Elif Shafak has written a novel that is one-third awful and two-thirds great. Frustrating? You bet. There are glimpses here of genuinely transcendent storytelling, an author who has found both a subject that elicits passion and an approach to that subject that elevates it into something like art. Unfortunately, the hackneyed one-third of the book so thoroughly undermines the rest as to make reading it unrewarding.
The Forty Rules of Love is a novel about Rumi, the 13th-century Turkish preacher and poet who meets his muse in the form of a wandering dervish, an Islamic mystic named Shams of Tabriz. Shams is a homeless mendicant who interprets the Qur’an as a text of love and forgiveness—then as now, a reading that doesn’t always meet with approval from self-appointed guardians of righteousness. He falls in with Rumi almost as if destined; in fact, both men have no doubt that it was destined. Much of the story is told from Shams’s point of view, as his wanderings take him from Baghdad to the city of Konya, where Rumi has already gained a reputation as a powerful preacher and holy man.
This is all good; very good in fact. Shafak evokes medieval Turkey with brisk efficiency, moving the action through a series of well-delineated voices—dervishes and townspeople, sinner and beggars and zealots and prostitutes. Rumi’s wife and sons have their voices too, and some of the family grow increasingly alienated as Shams and Rumi develop an ever deeper friendship.
But that’s not the only part of this novel. The Forty Rules of Love is also the story of Ella, a 40-ish Jewish housewife and mother of three living in Northampton, Massachusetts, whose present-day story is woven in among the strands of the historical narrative. Ella seems to have it all—family, security, a cushy life—but inside she is bored with her husband, her life and herself. She takes a job as a reader of manuscripts for a literary agency, and her first manuscript is a novel called Sweet Blasphemy, concerning the poet Rumi and his muse, Shams of Tabriz. This fictional manuscript turns out the be the historical part of the novel that the reader is reading him/herself.
The problem with The Forty Rules of Love is not that two disparate storylines are interweaved; it’s that the present-day narrative is so horrendously clunky in its execution that it jars against the rest of the book. Unlike the historical storyline, Ella’s narrative is limited to one point of view—hers—and it’s a fairly dull place to be. Shafak seems afraid that the reader won’t understand just how barren Ella’s life is, so she lays it out with can’t-miss-it overtness: regarding her husband’s infidelity, we are told that “Ella blamed herself for the change. But then again, ‘guilt’ was Ella Rubenstein’s middle name.” Soon after, the narrator helpfully points out that “despite her ability to keep a stiff upper lip, deep inside she longed for love.”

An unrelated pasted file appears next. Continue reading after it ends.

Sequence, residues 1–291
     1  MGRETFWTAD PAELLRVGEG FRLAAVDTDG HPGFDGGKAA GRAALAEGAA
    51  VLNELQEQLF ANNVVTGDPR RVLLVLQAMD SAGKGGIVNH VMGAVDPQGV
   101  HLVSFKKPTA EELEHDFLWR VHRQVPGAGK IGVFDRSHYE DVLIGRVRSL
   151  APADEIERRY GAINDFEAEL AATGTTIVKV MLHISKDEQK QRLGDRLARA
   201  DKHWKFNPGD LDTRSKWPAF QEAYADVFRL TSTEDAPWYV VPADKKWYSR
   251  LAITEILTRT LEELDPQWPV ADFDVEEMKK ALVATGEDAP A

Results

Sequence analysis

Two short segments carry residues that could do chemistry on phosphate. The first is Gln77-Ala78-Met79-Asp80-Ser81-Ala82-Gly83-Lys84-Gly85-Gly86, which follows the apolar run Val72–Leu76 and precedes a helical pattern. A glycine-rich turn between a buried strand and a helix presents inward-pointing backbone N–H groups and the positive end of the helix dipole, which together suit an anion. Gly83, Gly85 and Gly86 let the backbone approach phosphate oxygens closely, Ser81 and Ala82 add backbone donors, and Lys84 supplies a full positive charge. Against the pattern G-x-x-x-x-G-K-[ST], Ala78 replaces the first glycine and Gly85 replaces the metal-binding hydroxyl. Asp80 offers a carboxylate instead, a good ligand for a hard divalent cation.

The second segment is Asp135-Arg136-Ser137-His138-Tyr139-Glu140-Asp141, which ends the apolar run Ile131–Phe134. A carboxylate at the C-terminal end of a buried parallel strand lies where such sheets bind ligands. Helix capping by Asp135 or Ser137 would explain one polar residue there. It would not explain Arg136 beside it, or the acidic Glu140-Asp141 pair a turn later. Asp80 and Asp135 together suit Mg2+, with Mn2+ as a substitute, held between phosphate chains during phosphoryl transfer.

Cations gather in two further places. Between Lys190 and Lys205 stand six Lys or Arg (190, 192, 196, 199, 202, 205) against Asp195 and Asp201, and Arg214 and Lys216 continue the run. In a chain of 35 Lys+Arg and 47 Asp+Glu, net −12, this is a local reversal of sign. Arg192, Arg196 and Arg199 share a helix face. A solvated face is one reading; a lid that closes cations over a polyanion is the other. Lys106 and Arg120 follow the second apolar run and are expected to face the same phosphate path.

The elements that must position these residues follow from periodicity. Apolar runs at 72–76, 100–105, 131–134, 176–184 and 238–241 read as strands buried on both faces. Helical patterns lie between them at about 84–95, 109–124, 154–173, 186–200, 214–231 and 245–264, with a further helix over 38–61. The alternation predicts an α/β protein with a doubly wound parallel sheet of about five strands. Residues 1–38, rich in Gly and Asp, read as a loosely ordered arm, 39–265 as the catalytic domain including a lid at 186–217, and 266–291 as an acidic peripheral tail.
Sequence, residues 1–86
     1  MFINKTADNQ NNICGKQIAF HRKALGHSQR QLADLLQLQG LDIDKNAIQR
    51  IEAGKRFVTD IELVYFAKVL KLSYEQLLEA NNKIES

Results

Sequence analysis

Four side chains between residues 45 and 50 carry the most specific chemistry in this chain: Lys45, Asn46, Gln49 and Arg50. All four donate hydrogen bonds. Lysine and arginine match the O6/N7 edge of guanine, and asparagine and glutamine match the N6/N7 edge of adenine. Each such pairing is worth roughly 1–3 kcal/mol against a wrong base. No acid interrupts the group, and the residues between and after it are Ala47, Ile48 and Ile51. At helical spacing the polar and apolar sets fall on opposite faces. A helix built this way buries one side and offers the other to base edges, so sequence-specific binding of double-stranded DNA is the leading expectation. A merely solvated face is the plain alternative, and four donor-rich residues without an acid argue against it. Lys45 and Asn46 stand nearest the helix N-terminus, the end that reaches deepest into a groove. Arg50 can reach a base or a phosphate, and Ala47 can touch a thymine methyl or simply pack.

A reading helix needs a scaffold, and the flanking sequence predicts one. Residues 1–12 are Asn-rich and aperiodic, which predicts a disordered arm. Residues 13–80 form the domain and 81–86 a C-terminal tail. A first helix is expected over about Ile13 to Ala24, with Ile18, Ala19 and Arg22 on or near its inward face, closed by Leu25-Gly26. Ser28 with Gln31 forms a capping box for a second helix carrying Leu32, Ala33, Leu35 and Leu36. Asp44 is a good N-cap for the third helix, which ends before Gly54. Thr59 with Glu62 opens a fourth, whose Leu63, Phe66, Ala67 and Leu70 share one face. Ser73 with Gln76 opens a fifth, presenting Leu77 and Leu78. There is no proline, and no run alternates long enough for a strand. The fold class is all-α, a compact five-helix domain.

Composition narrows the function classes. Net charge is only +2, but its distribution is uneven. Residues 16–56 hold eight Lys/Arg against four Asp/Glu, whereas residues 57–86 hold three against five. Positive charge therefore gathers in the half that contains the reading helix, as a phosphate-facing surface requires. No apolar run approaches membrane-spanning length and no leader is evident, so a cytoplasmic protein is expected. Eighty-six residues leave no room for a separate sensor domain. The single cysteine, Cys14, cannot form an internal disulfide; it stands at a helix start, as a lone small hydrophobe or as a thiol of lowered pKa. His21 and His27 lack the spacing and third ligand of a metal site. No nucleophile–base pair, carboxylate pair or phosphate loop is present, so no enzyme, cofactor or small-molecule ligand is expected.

Another author would have taken care to show scenes in which these feelings were evident, but in Ella’s storyline, Shafak never misses a chance to make something obvious where understatement would work better. When Ella receives the manuscript of Sweet Blasphemy, the author wants to be sure that we understand that this book will change Ella’s life. So the narrator tells us, “Little did she know that this was not going to be just any book, but the book that changed her life.” Everybody get that? Pay attention, kids!
Given this ham-fisted setup, it comes as no surprise whatsoever that Ella undergoes a profound transformation, and that the nature of that transformation is utterly predictable. As the story progresses, Ella initiates an email correspondence with the author whose manuscript she is reading (mmm—not sure you’re supposed to do that). No points for guessing where the relationship leads. If in doubt, check those quotes in the previous paragraph.
What makes this doubly frustrating is that the historical portions of the book are conveyed with such skill. Shafak proves able at juggling narrators and descriptions both physical and psychological. She is adept at building suspense and cultivating sympathy for her characters, and she echoes contemporary debate within Islam when the zealot criticizes the dervishes’ mysticism: “As far as the Sufis are concerned, the holy Qur’an is replete with obscure symbols and layered allusions, each of which ought to be interpreted in a mystic way. So they… look out for veiled references in the text, doing everything in their power to avoid reading God’s message, plain and clear.” Before long, this debate between the literal and metaphorical interpretations of religion will have significant consequences for all concerned.
Yet when it comes to the bored-soccer-mom storyline, all this skill goes out the window. Ultimately, there is too much here that falls flat, and not enough that sings. Maybe the historical narrative on its own wouldn’t have been sufficient to build a compelling story, and maybe Shafak should be commended for her attempt to illustrate how and why Rumi continues to exert such a powerful hold over many readers even today. Her attempts to create a contemporary narrative, however, are unconvincing and clumsy.